MAIL: Compressed Earth

Compressed stabilized earth blocks (CSEBs)
Compressed stabilized earth blocks (CSEBs)
Compressed stabilized earth blocks (CSEBs)

I was a little surprised by the omission of compressed stabilized earth blocks (CSEBs) from the discussion of high-performance wall systems in HP154. Human beings have been building with earth for millennia, but the modern popularity of CSEBs is largely attributable to Raul Ramirez, of the Inter-American Housing Center (CINVA) in Bogota, Colombia. Ramirez patented a clever, manually operated brick press in 1952.

CSEBs are very similar to adobe and rammed earth, but have several advantages, especially for the prospective owner-builder. As the name implies, CSEBs are strengthened by mechanical compression and a 10% cement, lime, or bitumen stabilizer.

The equipment necessary to produce CSEBs could be a few wheelbarrows, shovels, buckets, screening frames, and a basic CINVA press, or fully mechanized, trailer-mounted hydraulic machines capable of producing hundreds of bricks per hour. Numerous presses, across the entire spectrum of cost and complexity, are available from manufacturers in the United States and around the world.

CSEBs are already a part of the New Mexico building code. CSEBs use far less cement than ICFs, require only enough wood for construction, and have the added advantage of using widespread masonry trades, as opposed to specialized labor. There are countless variations on block design, which allow for structural reinforcement or architectural details. CSEBs range in strength from 300 psi to greater than 1,200 psi, and will not rot, burn, or provide food to insects. Depending on your local soil characteristics, CSEBs can be produced on site, reducing cost and embodied energy. Given these characteristics, I would love to see some more detailed coverage of this building technology in the future.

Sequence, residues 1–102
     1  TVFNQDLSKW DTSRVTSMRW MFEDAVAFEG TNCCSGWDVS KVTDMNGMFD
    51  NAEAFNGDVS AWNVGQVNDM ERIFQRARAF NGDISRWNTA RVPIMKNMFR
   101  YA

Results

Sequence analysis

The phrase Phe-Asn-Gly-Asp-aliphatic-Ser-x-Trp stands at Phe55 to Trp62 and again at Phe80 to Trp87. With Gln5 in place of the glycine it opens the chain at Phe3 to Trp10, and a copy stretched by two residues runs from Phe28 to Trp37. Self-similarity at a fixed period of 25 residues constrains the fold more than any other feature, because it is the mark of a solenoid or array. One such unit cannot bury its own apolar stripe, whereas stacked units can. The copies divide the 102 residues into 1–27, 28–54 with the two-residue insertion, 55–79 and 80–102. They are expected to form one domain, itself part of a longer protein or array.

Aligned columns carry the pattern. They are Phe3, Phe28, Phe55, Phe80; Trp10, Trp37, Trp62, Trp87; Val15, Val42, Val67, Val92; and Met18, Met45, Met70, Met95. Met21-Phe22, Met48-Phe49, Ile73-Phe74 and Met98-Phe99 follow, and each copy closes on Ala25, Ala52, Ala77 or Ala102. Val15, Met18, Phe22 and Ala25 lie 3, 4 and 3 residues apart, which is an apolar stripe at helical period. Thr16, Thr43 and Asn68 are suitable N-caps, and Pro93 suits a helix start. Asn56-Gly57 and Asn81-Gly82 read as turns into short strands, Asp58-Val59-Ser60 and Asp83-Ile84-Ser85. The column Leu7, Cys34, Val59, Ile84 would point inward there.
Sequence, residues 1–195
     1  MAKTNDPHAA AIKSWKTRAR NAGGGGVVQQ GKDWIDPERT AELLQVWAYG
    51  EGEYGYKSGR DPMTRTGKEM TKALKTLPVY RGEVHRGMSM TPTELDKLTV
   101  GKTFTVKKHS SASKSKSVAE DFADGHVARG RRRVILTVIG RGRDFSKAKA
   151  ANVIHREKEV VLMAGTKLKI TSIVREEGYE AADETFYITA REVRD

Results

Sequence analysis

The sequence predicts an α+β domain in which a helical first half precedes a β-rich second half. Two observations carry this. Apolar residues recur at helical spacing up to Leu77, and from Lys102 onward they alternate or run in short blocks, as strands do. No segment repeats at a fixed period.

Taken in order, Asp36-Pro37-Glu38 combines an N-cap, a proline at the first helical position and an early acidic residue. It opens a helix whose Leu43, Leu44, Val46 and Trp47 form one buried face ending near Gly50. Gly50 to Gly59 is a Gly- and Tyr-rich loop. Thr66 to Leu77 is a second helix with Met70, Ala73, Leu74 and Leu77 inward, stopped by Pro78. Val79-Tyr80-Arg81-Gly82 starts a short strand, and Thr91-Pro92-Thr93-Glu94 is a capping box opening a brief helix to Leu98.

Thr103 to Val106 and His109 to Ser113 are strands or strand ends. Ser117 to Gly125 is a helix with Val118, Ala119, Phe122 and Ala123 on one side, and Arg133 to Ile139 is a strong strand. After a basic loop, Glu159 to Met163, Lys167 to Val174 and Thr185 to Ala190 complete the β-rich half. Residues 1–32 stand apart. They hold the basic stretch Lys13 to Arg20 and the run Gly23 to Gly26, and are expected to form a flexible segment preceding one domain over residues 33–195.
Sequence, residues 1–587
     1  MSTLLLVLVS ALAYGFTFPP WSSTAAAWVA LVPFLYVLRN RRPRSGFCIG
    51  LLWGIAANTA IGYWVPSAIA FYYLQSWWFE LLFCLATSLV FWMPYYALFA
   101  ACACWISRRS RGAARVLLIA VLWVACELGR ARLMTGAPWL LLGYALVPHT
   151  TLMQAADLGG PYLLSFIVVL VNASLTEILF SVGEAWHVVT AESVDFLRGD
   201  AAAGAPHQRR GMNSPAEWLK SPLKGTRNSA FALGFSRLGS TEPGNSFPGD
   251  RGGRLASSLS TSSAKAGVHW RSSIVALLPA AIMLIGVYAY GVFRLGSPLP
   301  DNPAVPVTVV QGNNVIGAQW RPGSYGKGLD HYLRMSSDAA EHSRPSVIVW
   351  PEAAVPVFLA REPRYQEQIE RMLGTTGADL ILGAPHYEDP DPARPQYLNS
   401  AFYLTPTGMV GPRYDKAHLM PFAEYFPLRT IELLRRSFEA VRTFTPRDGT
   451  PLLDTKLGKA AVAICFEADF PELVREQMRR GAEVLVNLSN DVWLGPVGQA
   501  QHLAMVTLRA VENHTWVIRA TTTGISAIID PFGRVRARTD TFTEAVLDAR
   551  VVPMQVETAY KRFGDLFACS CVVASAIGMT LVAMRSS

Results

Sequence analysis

Josh Denney • Atlanta, Georgia

Comments (2)

Lloyd Brown's picture

I think you're confusing the high-R-value wall structures (what the original article was talking about), with high-mass or high-thermal-mass wall structures. While there are benefits to both, the high-R-value wall has a much wider applicability across climate zones.

Essentially, a wall with high levels of insulation is able to resist the temperature difference between inside and outside. This is valuable for a high-performance home in all or nearly all climates, and is really just an extension of the well-understood, currently-constructed design of a modern home.

On the other hand, a high mass wall (eg. masonry, concrete, phase-change materials, water, etc.) are a completely different animal. It has very little insulation value (very low R value), which means that it can't support a temperature differential across it for very long. What it can do, though, is absorb a lot of energy, very slowly, with a fairly small temperature change. If you build your high-mass wall correctly, and in the correct climate, your wall will slowly warm up during the day, when the outside temperature is warmer than the interior temperature, and will then radiate that heat in both directions (inside and outside) at night, when the outdoor temperature is cooler than you'd want inside.

In short, high mass walls provide a temperature moderating effect. For an exterior high-mass wall to work well, this means that the average temperature over the course of the day, must be an acceptable indoor temperature. You essentially have to have a fairly wide temperature swing. In some parts of the US, this is fairly common, eg. in the desert Southwest, which is why the native people of those regions built with adobe for the most part. But if you're talking about the humid Southeast (eg. Florida), I don't think the nighttime temperature gets cold enough in the summer, for the average temperature to be acceptable. Similarly, in the northern US (eg. Wisconsin, Minnesota, parts of New England), the average wintertime temperature is far too cold to be acceptable.

Even in those regions, though, you could be clever, and put a high-mass wall inside a well-insulated building envelope. That way they work together to naturally keep the indoor temperature acceptable.

High mass walls are valuable, but please don't try to make them be something that they're not.

Bob Jordan's picture

I agree! CEB is very integrating and not as intuitive as one would first think. Heating and cooling costs can be significantly tempered with CEB, and Adobe construction can be blended for more ascetic options. Please encourage more Compressed Earth Block information. Bob, Dallas, Texas

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